Passport

What other countries think of the United States

A few weeks ago, I blogged about what the United States thinks of other countries — its rather cruel view of Afghanistan being one of the less fortunate things about that Pew Poll. Today, Andrew Kohut, the head of the fantastically useful Pew Research Center, testified before the House Foreign Affairs Subcommittee on International Organizations, Human ...

572749_100304_1512-12.gif

A few weeks ago, I blogged about what the United States thinks of other countries — its rather cruel view of Afghanistan being one of the less fortunate things about that Pew Poll.

Today, Andrew Kohut, the head of the fantastically useful Pew Research Center, testified before the House Foreign Affairs Subcommittee on International Organizations, Human Rights, and Oversight — and let them know just what everyone else thinks of us. He included this chart in his testimony:

Some things to note:

  • Kenyans like Americans better than Americans like themselves.
  • Just one in a hundred Jordanians thought favorably of the United States in the wake of the Iraq invasion.
  • In Middle Eastern countries, support for the United States plummeted as soon as it invaded Iraq. Support for the United States dwindled over time in European countries, as the two wars dragged on.
  • The Obama bounce was biggest in France and Germany.
  • The average variance of opinion is 25.5 percent.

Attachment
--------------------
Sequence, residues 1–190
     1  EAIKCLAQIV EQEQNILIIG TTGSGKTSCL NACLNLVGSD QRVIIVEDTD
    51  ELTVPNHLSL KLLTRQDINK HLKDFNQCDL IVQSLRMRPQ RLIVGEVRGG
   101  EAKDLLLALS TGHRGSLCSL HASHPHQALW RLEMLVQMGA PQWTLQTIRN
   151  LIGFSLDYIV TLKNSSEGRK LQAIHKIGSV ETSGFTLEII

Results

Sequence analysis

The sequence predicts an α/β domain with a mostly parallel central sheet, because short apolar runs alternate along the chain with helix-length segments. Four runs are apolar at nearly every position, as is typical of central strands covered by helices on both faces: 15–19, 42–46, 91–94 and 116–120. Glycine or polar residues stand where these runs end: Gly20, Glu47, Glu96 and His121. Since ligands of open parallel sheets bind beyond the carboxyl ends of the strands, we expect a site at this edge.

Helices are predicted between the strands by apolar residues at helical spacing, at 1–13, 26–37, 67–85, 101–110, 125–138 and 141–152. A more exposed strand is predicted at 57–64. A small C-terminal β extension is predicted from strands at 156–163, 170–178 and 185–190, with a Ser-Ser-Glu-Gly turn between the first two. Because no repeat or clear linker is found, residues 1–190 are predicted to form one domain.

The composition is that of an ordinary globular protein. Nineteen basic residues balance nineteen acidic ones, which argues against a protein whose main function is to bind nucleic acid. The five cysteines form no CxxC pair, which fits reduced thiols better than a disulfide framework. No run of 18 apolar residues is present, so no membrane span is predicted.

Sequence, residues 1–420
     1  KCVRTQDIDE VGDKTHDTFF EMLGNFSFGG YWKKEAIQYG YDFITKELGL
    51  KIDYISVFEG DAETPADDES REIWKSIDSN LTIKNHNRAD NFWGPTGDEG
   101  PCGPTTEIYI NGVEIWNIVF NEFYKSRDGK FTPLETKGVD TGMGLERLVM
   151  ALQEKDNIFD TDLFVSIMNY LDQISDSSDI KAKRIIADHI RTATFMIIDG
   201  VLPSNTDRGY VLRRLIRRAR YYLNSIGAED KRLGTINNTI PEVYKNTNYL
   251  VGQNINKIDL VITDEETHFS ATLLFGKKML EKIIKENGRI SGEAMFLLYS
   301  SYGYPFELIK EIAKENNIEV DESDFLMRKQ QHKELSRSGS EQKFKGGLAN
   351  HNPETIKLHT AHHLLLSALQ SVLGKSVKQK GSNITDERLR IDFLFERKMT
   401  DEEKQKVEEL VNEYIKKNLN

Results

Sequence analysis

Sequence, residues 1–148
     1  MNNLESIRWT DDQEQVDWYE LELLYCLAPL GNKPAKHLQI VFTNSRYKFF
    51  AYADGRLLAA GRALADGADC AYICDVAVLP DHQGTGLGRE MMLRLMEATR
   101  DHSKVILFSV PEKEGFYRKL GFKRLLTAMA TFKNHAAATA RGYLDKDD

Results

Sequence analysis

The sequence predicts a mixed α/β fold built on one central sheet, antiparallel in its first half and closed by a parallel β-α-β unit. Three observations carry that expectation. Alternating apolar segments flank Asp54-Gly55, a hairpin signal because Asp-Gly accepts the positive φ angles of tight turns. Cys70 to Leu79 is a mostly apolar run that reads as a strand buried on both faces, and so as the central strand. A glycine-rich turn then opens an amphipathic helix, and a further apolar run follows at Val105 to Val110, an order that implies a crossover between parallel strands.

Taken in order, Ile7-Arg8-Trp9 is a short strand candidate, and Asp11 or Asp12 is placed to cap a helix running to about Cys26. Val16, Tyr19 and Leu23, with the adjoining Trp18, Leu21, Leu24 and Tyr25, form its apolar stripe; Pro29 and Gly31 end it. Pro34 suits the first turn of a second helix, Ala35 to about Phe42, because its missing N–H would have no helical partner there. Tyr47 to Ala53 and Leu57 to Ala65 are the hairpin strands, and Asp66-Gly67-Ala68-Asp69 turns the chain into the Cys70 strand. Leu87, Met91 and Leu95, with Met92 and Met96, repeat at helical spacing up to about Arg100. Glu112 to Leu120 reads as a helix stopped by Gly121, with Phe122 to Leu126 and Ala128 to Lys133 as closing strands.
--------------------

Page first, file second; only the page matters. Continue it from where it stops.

The chart also allows us to determine the United States’ most fickle friend — that is, the country whose opinion of the United States has varied most over the course of the past decade. The honor goes to Indonesia. The country most steady in its views of the United States? Palestine, which has never cared for Washington much, apparently. Chart after the jump.

A few weeks ago, I blogged about what the United States thinks of other countries — its rather cruel view of Afghanistan being one of the less fortunate things about that Pew Poll.

Today, Andrew Kohut, the head of the fantastically useful Pew Research Center, testified before the House Foreign Affairs Subcommittee on International Organizations, Human Rights, and Oversight — and let them know just what everyone else thinks of us. He included this chart in his testimony:

Some things to note:

  • Kenyans like Americans better than Americans like themselves.
  • Just one in a hundred Jordanians thought favorably of the United States in the wake of the Iraq invasion.
  • In Middle Eastern countries, support for the United States plummeted as soon as it invaded Iraq. Support for the United States dwindled over time in European countries, as the two wars dragged on.
  • The Obama bounce was biggest in France and Germany.
  • The average variance of opinion is 25.5 percent. 

The chart also allows us to determine the United States’ most fickle friend — that is, the country whose opinion of the United States has varied most over the course of the past decade. The honor goes to Indonesia. The country most steady in its views of the United States? Palestine, which has never cared for Washington much, apparently. Chart after the jump.

Annie Lowrey is assistant editor at FP.

More from Foreign Policy

coronavirus-vaccine-predictions-2021-foreign-policy-global-thinkers-brian-stauffer-illustration

The World After the Coronavirus

We asked 12 leading thinkers to predict what happens in 2021 and beyond.

Protesters prepare to burn an effigy of Chinese President Xi Jinping during an anti-China protest in Siliguri, India, on June 17, 2020.

Why Attempts to Build a New Anti-China Alliance Will Fail

The big strategic game in Asia isn’t military but economic.

china-bhutan-settlement-village-security-outpost-border-dispute

China Is Building Entire Villages in Another Country’s Territory

Since 2015, a previously unnoticed network of roads, buildings, and military outposts has been constructed deep in a sacred valley in Bhutan.